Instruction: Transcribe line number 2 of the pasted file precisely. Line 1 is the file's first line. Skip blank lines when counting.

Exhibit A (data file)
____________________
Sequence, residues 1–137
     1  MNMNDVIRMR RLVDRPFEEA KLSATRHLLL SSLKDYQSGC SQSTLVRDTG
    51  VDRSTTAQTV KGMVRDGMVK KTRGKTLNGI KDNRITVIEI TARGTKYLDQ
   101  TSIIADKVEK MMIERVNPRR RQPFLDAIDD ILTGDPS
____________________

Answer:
     1  MNMNDVIRMR RLVDRPFEEA KLSATRHLLL SSLKDYQSGC SQSTLVRDTG